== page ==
The Intelligent Microgrid and the Value of Software

Dec. 7, 2017
At the Microgrid 2017 conference, Michael Carlson, president, Siemens Digital Grid NA, defines an intelligent microgrid and discusses the role of software in boosting the value of microgrids and providing services to the grid. He also describes two Siemens microgrid projects.

At the Microgrid 2017 conference, Michael Carlson, president, Siemens Digital Grid NA, defines an intelligent microgrid and discusses the role of software in boosting the value of microgrids and providing services to the grid. He also describes two Siemens microgrid projects.

One of the things that sets microgrids apart is that they have an intelligent proponent — a brain, if you will. Microgrid Knowledge chief editor Elisa Wood asked Carlson how he would describe the “intelligent microgrid.”

Carlson pointed out that many of today’s microgrids have been established for a specific purpose, which starts with resilience and reliability. That’s why many of the early microgrids can be found at institutions like hospitals, colleges or the military.

Those installations have an “intelligence embedded within” that operates the machines for a discreet purpose, Carlson said.

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But now, many are tapping the potential value in that microgrid equipment beyond  its initial purpose, and the microgrid intelligence or brain is being expanded.  

Siemens focuses not only on the intelligence of the individual equipment, but also on bringing together that intelligence into “a collaborative integration of data across the equipment spectrum, and arguably across the entire grid,” he continued.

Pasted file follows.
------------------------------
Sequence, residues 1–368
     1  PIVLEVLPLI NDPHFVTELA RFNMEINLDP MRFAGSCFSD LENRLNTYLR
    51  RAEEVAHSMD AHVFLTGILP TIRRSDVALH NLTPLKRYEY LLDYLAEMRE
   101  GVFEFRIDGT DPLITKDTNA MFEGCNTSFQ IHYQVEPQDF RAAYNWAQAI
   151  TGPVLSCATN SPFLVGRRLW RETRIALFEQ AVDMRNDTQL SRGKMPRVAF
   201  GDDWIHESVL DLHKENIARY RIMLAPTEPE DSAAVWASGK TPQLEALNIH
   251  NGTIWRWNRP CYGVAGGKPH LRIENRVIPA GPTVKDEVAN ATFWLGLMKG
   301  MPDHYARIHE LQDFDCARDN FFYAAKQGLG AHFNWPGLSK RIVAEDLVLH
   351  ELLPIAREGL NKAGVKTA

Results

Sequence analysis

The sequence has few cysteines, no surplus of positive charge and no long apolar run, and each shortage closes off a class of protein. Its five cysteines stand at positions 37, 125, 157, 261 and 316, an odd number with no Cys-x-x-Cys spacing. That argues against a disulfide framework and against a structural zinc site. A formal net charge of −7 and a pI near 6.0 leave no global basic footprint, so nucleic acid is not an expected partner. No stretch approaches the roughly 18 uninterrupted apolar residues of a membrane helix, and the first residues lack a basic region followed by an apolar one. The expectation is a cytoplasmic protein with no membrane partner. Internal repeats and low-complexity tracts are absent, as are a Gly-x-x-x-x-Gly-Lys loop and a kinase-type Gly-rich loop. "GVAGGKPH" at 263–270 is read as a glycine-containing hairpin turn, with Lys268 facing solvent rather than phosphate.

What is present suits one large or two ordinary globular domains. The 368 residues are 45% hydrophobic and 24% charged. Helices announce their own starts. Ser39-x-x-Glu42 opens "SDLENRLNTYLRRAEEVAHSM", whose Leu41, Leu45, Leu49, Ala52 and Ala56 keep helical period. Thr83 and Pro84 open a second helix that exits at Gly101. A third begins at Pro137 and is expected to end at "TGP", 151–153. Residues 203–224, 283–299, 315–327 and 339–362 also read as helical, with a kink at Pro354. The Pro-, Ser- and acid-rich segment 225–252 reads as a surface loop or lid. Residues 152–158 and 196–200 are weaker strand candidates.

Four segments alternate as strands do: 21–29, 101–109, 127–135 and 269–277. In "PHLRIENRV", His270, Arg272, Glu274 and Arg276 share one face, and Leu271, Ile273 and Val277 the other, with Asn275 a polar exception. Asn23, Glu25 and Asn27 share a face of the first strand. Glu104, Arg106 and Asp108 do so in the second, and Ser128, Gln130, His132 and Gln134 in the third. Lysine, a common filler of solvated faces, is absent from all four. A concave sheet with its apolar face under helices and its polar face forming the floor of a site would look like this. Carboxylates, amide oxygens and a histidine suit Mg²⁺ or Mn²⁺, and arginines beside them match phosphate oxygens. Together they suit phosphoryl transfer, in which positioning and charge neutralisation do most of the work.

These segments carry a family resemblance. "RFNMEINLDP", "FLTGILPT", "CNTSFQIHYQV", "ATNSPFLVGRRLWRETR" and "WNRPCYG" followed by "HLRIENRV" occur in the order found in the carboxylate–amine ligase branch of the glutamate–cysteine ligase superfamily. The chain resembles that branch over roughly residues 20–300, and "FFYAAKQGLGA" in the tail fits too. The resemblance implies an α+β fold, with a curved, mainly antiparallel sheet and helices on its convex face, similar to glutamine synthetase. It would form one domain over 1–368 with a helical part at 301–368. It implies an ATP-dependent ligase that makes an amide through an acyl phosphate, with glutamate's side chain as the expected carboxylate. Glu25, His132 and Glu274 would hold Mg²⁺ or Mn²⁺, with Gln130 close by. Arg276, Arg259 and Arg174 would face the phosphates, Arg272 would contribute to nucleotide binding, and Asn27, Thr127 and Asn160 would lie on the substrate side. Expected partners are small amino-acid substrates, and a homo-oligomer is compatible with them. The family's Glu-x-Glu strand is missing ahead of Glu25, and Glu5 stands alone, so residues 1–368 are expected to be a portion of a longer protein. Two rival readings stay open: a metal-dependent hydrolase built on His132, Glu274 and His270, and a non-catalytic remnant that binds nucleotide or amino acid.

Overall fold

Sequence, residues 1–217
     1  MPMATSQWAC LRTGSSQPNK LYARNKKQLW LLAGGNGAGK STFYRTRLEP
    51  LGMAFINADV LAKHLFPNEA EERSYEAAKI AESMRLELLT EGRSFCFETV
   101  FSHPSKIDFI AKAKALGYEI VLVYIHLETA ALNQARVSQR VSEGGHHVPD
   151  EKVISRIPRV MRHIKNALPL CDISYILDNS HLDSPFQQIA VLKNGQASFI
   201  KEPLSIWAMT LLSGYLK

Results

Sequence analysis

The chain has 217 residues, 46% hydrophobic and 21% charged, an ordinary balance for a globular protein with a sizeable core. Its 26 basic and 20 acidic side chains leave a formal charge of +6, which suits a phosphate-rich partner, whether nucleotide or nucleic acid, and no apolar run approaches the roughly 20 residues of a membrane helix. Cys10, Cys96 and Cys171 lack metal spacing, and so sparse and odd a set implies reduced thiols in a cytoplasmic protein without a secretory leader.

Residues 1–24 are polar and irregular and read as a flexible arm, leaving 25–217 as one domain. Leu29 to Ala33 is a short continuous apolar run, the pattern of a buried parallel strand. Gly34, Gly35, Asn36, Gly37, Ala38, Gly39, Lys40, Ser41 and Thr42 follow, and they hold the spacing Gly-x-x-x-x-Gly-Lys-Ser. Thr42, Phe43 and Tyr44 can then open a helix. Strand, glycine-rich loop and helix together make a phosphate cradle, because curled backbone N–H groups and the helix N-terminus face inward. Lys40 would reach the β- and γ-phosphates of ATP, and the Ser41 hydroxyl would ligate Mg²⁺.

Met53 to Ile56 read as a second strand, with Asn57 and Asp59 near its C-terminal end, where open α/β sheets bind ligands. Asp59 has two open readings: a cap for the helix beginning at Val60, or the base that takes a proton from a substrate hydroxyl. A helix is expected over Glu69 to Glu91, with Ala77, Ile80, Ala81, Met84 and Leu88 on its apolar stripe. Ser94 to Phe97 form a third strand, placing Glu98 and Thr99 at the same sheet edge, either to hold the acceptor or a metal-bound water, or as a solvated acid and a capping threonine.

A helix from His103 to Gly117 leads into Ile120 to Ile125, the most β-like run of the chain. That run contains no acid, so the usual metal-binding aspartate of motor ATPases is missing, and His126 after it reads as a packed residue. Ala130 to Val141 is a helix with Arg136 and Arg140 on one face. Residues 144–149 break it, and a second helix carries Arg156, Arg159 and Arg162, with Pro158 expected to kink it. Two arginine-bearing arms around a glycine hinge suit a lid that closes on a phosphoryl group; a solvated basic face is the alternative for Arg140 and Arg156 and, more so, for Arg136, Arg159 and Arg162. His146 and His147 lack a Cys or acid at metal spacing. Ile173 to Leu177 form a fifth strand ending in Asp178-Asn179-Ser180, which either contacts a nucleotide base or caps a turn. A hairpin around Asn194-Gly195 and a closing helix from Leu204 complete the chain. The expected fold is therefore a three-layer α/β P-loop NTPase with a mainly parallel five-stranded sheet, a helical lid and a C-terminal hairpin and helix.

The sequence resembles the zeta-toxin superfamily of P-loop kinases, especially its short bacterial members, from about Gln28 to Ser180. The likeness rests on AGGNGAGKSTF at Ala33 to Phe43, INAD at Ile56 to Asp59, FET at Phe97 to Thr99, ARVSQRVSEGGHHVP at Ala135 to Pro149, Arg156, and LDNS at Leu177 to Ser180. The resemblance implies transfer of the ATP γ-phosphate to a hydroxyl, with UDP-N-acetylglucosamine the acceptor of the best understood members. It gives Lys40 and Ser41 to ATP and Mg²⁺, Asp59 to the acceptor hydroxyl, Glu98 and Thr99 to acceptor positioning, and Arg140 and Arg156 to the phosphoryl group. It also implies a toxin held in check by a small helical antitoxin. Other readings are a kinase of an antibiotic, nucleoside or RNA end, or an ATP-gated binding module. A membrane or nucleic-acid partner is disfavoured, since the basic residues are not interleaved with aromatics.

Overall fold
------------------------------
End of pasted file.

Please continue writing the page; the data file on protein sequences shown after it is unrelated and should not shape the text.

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In the interview, Carlson goes on to provide details about Siemens’ Blue Lake Rancheria microgrid project and how that particular intelligent microgrid works.

Carlson pointed out the California project is interesting from a variety of different perspectives: It is on an Indian reservation; at the end of a utility line; and far away from any other infrastructure.

“As their demands started to grow, they looked at options, including how PG&E could service them as a standard utility grid, and it was determined from an economic and operational and sustainability perspective that perhaps there was a different model,” Carlson said.

That different model turned out to be an intelligent microgrid, featuring Siemens microgrid controllers and device monitors.

View the video from Microgrid 2017 above to hear more from Carlson on a blockchain microgrid project in Brooklyn.

Michael Carlson is president of Siemens Digital Grid NA.

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About the Author

Sarah Rubenoff

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